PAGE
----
What is Power Generation?
In german, the term power generation is devided into two words: "Energiewandlung" and "Leistungsbereitstellung". The first one, "Energiewandlung", could be translated with energy conversion. The meaning of the second one is the way to provide the power. But anyhow the english word power generation describes the whole process of gaining power at its best. It includes all tasks and operations in the process of gaining power. Furthermore it includes the power supply or the controlling of power plants and grids as well as the storage of energy. In the following the mentioned terms of power generation should be explained.
Energy conversion deals with the transformation of one type of energy into another. Commonly, electrical energy is considered as the most valuable/flexible type of energy in private households as well as industry. Power generation therefore concentrates on efficient ways to transform primary energy sources (for example; wind, biomass, coal, etc.) into electricity.
Another required type of energy in our society is heat. Low level heat cannot completely be transformed back in other types of energy, contrary to mechanical and electrical energy. Therefore it belongs to the category of low quality energies. Heat often is a waste byproduct of the production of mechanical and electrical energy, which can be used for heating tasks.
Due to its unlimited convertibility in each other type of energy electricity is a high quality energy form. Furthermore, the transportation of electricity over far distances is comparatively easy and low-loss. In Germany 19% of the end energy is used in the form of electricity. It is the aim of the Center for Power Generation to provide solutions for highly efficient electricity generation.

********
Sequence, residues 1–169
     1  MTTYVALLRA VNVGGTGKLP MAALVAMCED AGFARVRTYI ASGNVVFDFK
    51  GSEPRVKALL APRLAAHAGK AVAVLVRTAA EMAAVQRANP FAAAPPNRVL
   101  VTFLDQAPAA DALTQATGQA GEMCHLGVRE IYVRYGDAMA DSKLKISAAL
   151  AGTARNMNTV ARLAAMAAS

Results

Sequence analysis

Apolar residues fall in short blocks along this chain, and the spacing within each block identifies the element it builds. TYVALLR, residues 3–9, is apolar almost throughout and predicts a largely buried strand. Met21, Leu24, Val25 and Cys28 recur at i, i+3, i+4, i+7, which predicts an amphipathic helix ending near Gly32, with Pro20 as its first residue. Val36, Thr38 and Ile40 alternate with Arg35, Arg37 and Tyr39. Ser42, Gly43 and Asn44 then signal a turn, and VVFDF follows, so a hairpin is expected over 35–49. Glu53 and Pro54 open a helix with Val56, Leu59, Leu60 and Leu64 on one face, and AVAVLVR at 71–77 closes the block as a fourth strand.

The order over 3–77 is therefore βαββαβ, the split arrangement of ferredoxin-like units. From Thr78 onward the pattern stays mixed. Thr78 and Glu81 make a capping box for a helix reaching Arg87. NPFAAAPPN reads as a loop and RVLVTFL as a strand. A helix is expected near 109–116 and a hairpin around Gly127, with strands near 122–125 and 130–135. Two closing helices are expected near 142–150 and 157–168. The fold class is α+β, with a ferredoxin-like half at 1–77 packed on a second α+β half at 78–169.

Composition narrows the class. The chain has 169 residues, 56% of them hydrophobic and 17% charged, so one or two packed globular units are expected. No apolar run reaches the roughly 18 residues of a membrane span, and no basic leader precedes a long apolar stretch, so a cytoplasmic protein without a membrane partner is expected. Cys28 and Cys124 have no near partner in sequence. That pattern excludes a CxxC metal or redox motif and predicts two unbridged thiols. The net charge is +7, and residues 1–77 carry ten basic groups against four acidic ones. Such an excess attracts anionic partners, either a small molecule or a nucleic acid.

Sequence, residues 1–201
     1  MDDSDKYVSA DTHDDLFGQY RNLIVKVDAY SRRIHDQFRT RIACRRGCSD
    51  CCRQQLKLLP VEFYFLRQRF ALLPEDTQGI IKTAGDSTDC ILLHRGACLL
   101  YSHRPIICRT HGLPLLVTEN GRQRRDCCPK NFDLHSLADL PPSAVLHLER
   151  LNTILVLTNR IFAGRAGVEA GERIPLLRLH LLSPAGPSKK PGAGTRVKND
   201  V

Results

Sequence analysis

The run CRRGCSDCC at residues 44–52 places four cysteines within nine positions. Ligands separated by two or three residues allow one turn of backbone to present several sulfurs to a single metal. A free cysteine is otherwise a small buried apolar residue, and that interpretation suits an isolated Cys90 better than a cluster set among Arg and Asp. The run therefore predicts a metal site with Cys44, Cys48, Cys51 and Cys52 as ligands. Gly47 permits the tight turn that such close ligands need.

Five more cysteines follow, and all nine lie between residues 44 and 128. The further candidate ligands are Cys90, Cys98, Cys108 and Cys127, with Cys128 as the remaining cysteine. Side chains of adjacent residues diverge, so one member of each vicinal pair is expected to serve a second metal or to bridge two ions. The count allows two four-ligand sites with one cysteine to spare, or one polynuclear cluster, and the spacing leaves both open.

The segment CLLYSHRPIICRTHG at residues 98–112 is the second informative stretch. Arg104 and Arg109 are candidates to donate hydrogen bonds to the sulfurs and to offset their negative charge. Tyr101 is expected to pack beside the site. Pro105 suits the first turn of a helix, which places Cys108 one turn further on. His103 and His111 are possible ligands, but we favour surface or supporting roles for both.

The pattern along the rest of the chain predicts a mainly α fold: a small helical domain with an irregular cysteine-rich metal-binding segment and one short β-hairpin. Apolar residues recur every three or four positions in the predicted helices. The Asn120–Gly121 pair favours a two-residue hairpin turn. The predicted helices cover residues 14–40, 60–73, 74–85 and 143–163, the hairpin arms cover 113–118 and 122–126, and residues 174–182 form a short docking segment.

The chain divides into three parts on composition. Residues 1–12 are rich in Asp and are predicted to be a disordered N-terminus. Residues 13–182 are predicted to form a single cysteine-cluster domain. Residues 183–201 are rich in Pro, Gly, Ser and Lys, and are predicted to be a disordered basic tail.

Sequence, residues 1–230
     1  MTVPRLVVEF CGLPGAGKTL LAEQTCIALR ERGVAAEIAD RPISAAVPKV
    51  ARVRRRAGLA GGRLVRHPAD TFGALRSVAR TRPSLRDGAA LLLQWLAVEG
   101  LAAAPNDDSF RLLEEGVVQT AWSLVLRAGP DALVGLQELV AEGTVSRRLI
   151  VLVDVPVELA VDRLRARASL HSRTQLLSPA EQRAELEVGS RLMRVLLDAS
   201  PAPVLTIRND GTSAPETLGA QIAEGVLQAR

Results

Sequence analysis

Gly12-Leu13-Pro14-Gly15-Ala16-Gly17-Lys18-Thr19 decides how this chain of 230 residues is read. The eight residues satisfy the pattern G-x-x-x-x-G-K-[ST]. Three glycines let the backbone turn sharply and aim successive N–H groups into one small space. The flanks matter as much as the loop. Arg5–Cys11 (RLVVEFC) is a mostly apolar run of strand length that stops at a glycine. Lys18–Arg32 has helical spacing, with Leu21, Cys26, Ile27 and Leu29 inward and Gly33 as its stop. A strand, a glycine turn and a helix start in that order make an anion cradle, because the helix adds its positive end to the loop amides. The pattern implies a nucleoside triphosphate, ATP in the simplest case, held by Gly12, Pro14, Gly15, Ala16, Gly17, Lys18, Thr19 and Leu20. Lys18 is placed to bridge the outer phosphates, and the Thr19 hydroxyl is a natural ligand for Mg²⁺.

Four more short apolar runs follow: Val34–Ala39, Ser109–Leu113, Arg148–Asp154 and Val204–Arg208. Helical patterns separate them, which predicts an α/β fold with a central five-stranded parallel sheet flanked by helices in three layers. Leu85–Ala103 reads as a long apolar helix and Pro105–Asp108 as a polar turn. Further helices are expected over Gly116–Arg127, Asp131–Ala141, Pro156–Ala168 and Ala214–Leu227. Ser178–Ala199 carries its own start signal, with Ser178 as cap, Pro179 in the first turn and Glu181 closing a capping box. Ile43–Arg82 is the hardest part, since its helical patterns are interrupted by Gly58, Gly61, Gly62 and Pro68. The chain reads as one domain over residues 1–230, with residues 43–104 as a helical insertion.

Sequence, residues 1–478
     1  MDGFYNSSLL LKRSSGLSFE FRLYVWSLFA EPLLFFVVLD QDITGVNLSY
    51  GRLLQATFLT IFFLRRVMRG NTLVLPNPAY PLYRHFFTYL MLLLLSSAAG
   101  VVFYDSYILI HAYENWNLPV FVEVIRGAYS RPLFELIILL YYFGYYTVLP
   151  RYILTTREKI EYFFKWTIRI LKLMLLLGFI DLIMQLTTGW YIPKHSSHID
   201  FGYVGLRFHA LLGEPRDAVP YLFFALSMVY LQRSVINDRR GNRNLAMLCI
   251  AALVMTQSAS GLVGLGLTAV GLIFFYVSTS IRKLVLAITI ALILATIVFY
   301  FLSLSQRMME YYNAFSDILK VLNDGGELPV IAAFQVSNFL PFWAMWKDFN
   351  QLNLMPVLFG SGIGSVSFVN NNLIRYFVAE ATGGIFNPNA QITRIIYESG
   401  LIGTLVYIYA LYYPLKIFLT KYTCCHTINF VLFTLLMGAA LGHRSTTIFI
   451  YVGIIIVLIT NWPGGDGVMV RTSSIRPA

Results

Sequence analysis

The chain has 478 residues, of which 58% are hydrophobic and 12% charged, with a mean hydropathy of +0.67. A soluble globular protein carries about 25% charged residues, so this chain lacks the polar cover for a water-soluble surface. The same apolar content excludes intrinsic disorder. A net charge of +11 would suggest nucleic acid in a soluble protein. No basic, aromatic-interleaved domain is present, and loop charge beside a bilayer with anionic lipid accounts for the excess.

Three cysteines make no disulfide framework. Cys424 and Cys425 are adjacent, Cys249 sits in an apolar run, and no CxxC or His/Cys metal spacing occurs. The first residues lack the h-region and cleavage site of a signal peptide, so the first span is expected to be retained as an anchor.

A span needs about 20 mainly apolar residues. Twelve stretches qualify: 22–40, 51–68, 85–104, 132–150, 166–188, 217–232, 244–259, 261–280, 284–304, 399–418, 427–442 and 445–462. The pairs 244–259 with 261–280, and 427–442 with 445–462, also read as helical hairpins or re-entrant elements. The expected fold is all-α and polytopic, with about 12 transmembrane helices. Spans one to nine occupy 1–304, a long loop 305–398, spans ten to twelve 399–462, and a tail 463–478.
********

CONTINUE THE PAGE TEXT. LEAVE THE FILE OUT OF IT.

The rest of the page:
Primary energy sources for electricity generation may be conventional (coal, gas, oil) as well as renewable energy sources (biomass, wind, water). At present the share of renewable energy sources in the German energy mix is up to almost 25% (end of 2013). Still, this value could only be raised slowly and at great financial expense. In order to achieve agreed targets for climate protection, the research conducted at the CPG therefore focusses on raising the efficiency of conventional technologies for electricity generation.
Conventional Power Plant Technology
Conventional power plant technologies comprise all technologies producing electricity predominantly from fossil energy sources. Examples are large coal power plants with water/steam cycle, gas and steam turbine power plants as well as nuclear power plants. Also included are technologies like waste incineration plants or biomass power plants using steam generated by the combustion of waste or biomass. Furthermore, plants with steady-state motors using diesel, gas, oil or biogas are counted to conventional technologies.